Regional in-situ optical water quality sensor network quantifies influence of land use and seasonality on storm event nitrate and dissolved organic carbon loading

Monday, 14 December 2015
Poster Hall (Moscone South)
Matthew Vaughan1, Andrew W Schroth1, William B Bowden1, James B Shanley2, Andrew Vermilyea3, Ryan Sleeper1, Arthur Gold4, Soni M Pradhanang5, Kelly Addy4, Shreeram P Inamdar6, Delphis F Levia Jr6, Richard Douglas Rowland7 and Catherine Grace Winters7, (1)University of Vermont, Burlington, VT, United States, (2)U.S. Geological Survey, Montpelier, VT, United States, (3)Castleton State College, Castleton, VT, United States, (4)University of Rhode Island, Kingston, RI, United States, (5)University of Rhode Island, Narragansett, RI, United States, (6)University of Delaware, Newark, DE, United States, (7)University of Delaware, Water Science and Policy, Newark, DE, United States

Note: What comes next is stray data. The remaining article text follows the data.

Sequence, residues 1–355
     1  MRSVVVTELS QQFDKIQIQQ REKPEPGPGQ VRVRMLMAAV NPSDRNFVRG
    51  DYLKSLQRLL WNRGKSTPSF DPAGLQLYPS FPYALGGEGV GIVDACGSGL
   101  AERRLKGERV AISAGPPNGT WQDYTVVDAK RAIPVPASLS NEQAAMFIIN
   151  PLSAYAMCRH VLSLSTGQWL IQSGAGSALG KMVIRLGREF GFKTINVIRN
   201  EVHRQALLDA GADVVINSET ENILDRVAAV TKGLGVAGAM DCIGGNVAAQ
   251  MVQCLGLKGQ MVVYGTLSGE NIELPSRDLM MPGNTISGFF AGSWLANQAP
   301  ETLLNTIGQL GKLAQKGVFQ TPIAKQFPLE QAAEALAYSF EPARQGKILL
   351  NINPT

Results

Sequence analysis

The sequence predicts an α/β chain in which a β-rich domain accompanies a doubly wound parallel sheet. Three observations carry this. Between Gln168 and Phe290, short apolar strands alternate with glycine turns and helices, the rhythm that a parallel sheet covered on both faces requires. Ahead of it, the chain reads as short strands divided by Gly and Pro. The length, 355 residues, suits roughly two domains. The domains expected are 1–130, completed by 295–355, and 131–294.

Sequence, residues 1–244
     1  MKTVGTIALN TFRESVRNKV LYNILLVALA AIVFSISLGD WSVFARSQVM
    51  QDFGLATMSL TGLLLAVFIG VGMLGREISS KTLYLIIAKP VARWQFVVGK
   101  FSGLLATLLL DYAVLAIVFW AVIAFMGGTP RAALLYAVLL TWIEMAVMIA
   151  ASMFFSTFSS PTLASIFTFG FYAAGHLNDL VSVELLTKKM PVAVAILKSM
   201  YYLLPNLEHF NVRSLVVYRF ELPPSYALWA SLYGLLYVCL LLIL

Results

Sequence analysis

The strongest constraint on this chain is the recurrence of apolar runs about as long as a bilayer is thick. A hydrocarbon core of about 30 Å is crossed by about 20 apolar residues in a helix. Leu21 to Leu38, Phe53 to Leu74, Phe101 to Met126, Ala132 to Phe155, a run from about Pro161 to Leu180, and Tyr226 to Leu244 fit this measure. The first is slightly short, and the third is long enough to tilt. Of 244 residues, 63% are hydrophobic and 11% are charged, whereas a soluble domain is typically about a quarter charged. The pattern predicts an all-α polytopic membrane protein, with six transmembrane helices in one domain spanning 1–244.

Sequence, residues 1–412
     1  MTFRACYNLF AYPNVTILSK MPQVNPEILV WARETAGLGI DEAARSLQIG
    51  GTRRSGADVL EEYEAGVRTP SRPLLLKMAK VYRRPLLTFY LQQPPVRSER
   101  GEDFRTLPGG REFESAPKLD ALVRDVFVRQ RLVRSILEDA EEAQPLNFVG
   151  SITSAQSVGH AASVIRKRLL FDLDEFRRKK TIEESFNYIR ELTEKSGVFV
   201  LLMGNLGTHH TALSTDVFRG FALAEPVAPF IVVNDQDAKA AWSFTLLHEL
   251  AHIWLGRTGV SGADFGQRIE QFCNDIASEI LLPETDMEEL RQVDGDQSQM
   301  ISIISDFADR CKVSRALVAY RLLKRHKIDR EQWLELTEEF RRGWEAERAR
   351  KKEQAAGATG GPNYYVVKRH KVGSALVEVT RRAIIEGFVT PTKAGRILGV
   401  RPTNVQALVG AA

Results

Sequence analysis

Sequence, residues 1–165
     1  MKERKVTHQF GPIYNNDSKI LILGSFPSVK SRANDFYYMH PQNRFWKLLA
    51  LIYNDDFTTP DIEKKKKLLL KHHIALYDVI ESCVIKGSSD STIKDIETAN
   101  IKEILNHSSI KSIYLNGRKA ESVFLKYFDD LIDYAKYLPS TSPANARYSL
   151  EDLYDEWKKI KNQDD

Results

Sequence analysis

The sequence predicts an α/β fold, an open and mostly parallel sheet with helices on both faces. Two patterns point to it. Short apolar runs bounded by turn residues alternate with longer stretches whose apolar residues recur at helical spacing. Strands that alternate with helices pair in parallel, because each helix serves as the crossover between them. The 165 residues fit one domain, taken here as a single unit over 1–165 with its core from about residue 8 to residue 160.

High frequency optical water quality sensors were used to determine the influence of land use and seasonality on storm nutrient loads at nine stream sites in the North East Water Resources Network (NEWRnet). S::can spectrolysersTM were used to measure UV-Visible absorbance spectra at sub-hourly intervals in streams with primarily forested, urban, and agricultural watersheds. Calibrations for nitrate (NO3) and dissolved organic carbon (DOC) concentrations were developed for in-situ spectrophotometer measurements using multivariate statistical techniques applied to absorbance spectra and laboratory measurements. Calibrations were evaluated for predictive power and compared to assess applicability across multiple land uses and geographical areas. Calibrations were applied to sub-hourly absorbance spectra to determine NO3 and DOC loads for all storms in 2014 and 2015 for which data were available. Hydrographs were partitioned into direct runoff and baseflow components using a digital filter technique. In addition, the amount of biodegradable DOC (BDOC) was determined for a subset of samples and related to spectrophotometer measurements to determine influences of land use on BDOC content during storms. Comparing NO3 and DOC export per watershed area to storm runoff shows that storm severity, storm frequency, and land use have strong influences on regional NO3 and DOC storm export. This study highlights the value of high frequency continuous stream monitoring for land use and watershed management, particularly in the context of storm event loading.